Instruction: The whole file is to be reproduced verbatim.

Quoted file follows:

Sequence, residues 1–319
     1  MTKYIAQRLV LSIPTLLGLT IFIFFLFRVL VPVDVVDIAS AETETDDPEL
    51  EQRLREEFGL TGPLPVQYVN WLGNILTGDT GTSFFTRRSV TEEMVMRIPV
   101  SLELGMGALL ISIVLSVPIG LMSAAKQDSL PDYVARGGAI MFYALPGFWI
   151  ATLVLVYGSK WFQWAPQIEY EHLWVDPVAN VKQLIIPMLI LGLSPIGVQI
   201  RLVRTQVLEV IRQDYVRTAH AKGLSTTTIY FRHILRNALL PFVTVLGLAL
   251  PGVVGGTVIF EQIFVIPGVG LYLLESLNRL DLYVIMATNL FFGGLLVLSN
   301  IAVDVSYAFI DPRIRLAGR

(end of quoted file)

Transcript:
Sequence, residues 1–319
     1  MTKYIAQRLV LSIPTLLGLT IFIFFLFRVL VPVDVVDIAS AETETDDPEL
    51  EQRLREEFGL TGPLPVQYVN WLGNILTGDT GTSFFTRRSV TEEMVMRIPV
   101  SLELGMGALL ISIVLSVPIG LMSAAKQDSL PDYVARGGAI MFYALPGFWI
   151  ATLVLVYGSK WFQWAPQIEY EHLWVDPVAN VKQLIIPMLI LGLSPIGVQI
   201  RLVRTQVLEV IRQDYVRTAH AKGLSTTTIY FRHILRNALL PFVTVLGLAL
   251  PGVVGGTVIF EQIFVIPGVG LYLLESLNRL DLYVIMATNL FFGGLLVLSN
   301  IAVDVSYAFI DPRIRLAGR